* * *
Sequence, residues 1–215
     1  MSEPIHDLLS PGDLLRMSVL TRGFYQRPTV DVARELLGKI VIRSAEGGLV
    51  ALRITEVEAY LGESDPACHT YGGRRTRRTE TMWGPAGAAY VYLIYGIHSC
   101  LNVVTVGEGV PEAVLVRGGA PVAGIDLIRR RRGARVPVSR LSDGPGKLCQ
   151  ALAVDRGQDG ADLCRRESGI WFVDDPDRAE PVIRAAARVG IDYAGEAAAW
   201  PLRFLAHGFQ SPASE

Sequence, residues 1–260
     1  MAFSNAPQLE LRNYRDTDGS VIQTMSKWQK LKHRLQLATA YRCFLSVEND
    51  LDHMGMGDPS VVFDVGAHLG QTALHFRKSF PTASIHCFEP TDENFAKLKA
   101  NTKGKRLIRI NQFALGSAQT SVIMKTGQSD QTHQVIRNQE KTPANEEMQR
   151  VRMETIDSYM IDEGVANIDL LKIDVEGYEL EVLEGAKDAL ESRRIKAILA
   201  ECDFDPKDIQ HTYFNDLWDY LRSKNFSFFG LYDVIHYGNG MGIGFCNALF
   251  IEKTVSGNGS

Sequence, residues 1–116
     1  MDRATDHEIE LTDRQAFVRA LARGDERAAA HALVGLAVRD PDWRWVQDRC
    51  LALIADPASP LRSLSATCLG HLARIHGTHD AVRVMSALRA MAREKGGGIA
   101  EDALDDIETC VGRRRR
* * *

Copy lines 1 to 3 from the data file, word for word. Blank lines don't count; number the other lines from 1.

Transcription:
Sequence, residues 1–215
     1  MSEPIHDLLS PGDLLRMSVL TRGFYQRPTV DVARELLGKI VIRSAEGGLV
    51  ALRITEVEAY LGESDPACHT YGGRRTRRTE TMWGPAGAAY VYLIYGIHSC